It's been a day of making candy,
Hanging out with furry,
Four-legged beasts,
And listening to old Christmas favorites.

Now I'm off to bed
To await Santa's tread
With visions of pralines
Dancing in my head.

Merry Christmas.
Peace on Earth
Silent night.
Holy child.

May you be surrounded
By all you hold dear,
And may you hold dear
All that which surrounds you.

Merry Christmas 2010.



I'm predicting (and hoping for) a white Christmas. Intellicast says there is a chance of snow for the Atlanta area. Happy Christmas to each and every one of you, whether you celebrate of not.

~ Olivia J. Herrell

Friday, December 17, 2010

The Gifts We Lay

Last year I picked up a $5 Christmas CD while shopping at Kohl's. The proceeds went to charity and I needed some new tunes. Last week I finally listened to it.

First time through, I was a mite annoyed. The songs were different.

Second time through, I recognized voices.

The third time, I listened with a different ear. Turns out, it's a fabulous rock/bluesy Christmas CD, the perfect addition to my library.

Track one is my favorite: Rob Thomas singing "A New York City Christmas'. Every word is poignant. Each note, pleading.



His words stopped me. They made me wonder.

"...Yeah I'm sending you a Merry New York Christmas
And a prayer for peace on earth
Within our time
Oh, the sidewalk angels echo hallelujah
And we understand them
Now more than ever..."


And we understand them? Really? I never stopped to do that. I never tried to understand them. Not the sidewalk angels. Nor the others, either.

I remember feeling unsafe in the days following 9/11. More than once, I imagined myself cowering in a closet, bombs exploding in my back yard, the 'enemy' advancing on my neighborhood. I felt what that must feel like. What too many feel every day.

Awful, awful, awful.

Now, digging deep, I find a memory and dust it off. It's 1970. I'm in 7th grade. The teacher closes the blinds and hushes a darkened room full of expectant pre and barely-teens. Then the whirring begins as the 8mm film threads itself. Suddenly Stalin's armies burst on scene. Bombing Poland.

In black and white the shells whistled. Buildings exploded. Unceasing. Relentless. Panzers rolling in to cities reduced to rubble, residents surely shaking in their shoes. If they had any left after the long, cruel 2nd world war.

It was supposed to be over. Their side, our side, had won. So why didn't the allied forces stop Stalin?

No one came. Not the English. Not the Americans. In spite of Poland's repeated and frenzied cries for help, the great nations looked away. Broken and battered, the Poles caved and Stalin installed a communist government in Warsaw. Wasn't that what our forebears had been fighting against all along?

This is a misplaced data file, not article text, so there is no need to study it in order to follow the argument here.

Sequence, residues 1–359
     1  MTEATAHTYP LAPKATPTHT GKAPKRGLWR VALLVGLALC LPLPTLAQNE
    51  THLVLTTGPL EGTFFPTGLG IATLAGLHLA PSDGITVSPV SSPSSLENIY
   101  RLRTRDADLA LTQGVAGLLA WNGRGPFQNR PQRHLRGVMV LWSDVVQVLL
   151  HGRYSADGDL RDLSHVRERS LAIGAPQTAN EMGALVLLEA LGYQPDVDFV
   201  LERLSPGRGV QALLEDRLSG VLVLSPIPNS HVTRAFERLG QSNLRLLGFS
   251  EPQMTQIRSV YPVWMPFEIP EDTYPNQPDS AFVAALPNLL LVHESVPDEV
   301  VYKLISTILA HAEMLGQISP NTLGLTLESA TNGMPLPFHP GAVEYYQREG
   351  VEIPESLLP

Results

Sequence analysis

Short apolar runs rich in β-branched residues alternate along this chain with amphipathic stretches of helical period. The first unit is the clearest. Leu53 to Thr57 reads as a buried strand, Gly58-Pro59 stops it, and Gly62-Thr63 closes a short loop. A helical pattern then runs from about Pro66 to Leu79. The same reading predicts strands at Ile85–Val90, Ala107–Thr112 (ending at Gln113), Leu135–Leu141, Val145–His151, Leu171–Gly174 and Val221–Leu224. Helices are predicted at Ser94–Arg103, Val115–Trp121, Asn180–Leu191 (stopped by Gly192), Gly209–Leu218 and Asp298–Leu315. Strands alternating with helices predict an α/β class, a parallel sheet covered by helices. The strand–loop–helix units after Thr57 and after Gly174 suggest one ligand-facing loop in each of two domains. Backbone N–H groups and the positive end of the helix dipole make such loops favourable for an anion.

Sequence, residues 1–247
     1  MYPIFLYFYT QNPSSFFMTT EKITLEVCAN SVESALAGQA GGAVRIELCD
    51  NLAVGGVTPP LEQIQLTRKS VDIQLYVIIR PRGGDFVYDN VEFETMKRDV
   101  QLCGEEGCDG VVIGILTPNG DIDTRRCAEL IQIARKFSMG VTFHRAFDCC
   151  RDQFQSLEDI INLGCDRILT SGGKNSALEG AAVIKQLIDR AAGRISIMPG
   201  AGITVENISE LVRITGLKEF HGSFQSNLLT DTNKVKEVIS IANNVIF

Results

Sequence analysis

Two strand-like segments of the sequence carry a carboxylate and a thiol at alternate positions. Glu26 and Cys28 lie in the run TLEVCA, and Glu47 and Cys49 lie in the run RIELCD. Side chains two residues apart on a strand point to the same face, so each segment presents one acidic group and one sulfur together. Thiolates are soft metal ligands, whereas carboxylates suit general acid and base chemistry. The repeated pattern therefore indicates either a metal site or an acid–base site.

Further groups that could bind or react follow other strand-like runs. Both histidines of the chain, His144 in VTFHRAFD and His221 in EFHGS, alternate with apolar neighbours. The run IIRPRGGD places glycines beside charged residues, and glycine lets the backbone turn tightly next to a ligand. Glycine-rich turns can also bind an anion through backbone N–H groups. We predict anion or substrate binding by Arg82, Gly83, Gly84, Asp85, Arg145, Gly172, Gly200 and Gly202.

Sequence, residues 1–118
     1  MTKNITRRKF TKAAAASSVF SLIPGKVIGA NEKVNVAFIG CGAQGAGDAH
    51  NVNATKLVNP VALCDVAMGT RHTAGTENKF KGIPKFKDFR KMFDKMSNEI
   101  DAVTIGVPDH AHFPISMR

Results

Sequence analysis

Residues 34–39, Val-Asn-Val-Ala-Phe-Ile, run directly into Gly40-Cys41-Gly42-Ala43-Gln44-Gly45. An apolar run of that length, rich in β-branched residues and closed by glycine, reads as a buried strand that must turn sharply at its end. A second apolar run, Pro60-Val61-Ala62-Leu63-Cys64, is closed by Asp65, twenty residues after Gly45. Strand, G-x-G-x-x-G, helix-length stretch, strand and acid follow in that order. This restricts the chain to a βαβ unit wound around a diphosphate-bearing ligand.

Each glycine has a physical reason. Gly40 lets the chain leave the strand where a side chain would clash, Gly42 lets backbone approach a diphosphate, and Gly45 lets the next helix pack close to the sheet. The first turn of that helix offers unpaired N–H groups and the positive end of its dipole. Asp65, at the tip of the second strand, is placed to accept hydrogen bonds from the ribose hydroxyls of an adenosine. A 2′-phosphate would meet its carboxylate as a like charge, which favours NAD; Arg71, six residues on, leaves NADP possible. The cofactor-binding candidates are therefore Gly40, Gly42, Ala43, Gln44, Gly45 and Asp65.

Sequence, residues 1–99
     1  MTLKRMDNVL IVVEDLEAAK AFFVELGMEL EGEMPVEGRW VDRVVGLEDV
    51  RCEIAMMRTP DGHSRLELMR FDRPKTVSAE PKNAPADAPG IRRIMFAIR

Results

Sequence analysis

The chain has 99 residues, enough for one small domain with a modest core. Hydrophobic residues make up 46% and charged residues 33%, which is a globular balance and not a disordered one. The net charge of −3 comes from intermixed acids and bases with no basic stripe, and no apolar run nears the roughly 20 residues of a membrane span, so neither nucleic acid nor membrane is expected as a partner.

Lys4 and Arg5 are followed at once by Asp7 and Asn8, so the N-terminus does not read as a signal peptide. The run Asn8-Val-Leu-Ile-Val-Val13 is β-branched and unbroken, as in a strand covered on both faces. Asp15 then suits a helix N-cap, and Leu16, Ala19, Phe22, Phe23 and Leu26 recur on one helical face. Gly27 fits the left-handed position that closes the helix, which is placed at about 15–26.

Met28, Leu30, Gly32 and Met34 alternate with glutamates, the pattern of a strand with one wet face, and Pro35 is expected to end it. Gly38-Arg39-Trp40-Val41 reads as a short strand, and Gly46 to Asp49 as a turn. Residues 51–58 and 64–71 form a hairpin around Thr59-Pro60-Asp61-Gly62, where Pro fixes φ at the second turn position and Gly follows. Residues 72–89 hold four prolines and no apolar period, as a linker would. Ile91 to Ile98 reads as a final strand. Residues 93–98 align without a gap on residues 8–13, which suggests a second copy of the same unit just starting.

I cried angry tears. Tears of anguish. Tears of shame. I was thirteen. Like the Poles I couldn't fathom why my country didn't help them. Then time marched on and I forgot what I didn't understand.

Fast forward forty years to 2010. To me, listening to Rob Thomas's Christmas song.

"...Call on your angels
Come down to the city
Crowd around the big tree
All you strangers who know me
Bring your compassion
Your understanding
Lord how we need it
On this New York City Christmas..."


Call me slow. But happy Christmas. I finally understand.

"...So call on your angels
Your beaten and broken
It's time that we mend them
So they don't fade with the season
Let our mercy be the gifts we lay
From Brooklyn to Broadway
And celebrate each and every day
This New York City Christmas."


My wish this holiday season
Is that we all find understanding.

That compassion guide us.

And that mercy be the gifts we lay.

Hallelujah.

~ Olivia J. Herrell

**Disclaimer: I am no expert on foreign affairs, or world wars, or he said/she said. I'm just reporting my own experience. No more.**

Rob Thomas video courtesy of youtube.com. Lyrics courtesy of lyrics007.com. Polish memory jogger courtesy of Wikipedia.

Wednesday, December 8, 2010

Happy Christmas, War is Over

The other day I posted a video of Celtic Thunder performing the classic "Christmas of 1915". Would that we could create our own video, only this time sharing the news that war is truly over. Forever. Not just for one day on Christmas.

In "One" Richard Bach not only postulates such a scenario, he shows us the games that the world's countries played to see who were the most amazing pilots, etc. They played at games rather than at war. No one got hurt. Except for an unfortunate pilot here and there who spiralled out of control. Oh, how I wish that time were now.

Rolling Stone: Lennon's Last Interview
Today is the 30th anniversary of John Lennon's murder. The world mourns a hero. I mourn him. He was a peace activist when there was still such a thing. What has happened to us as a society that we now are complicit in waging war rather than insist on waging peace? We used to carry signs. We used to raise our voices. Today, I'm raising mine.

War is a money making machine for some. War got us out of the great depression. Well hell. Today, war puts us deeper and deeper in to one. And takes the lives of our children. Our sons. Our daughters. Our loved ones. It claims the lives of innocents. And it claims their souls. Ask any veteran.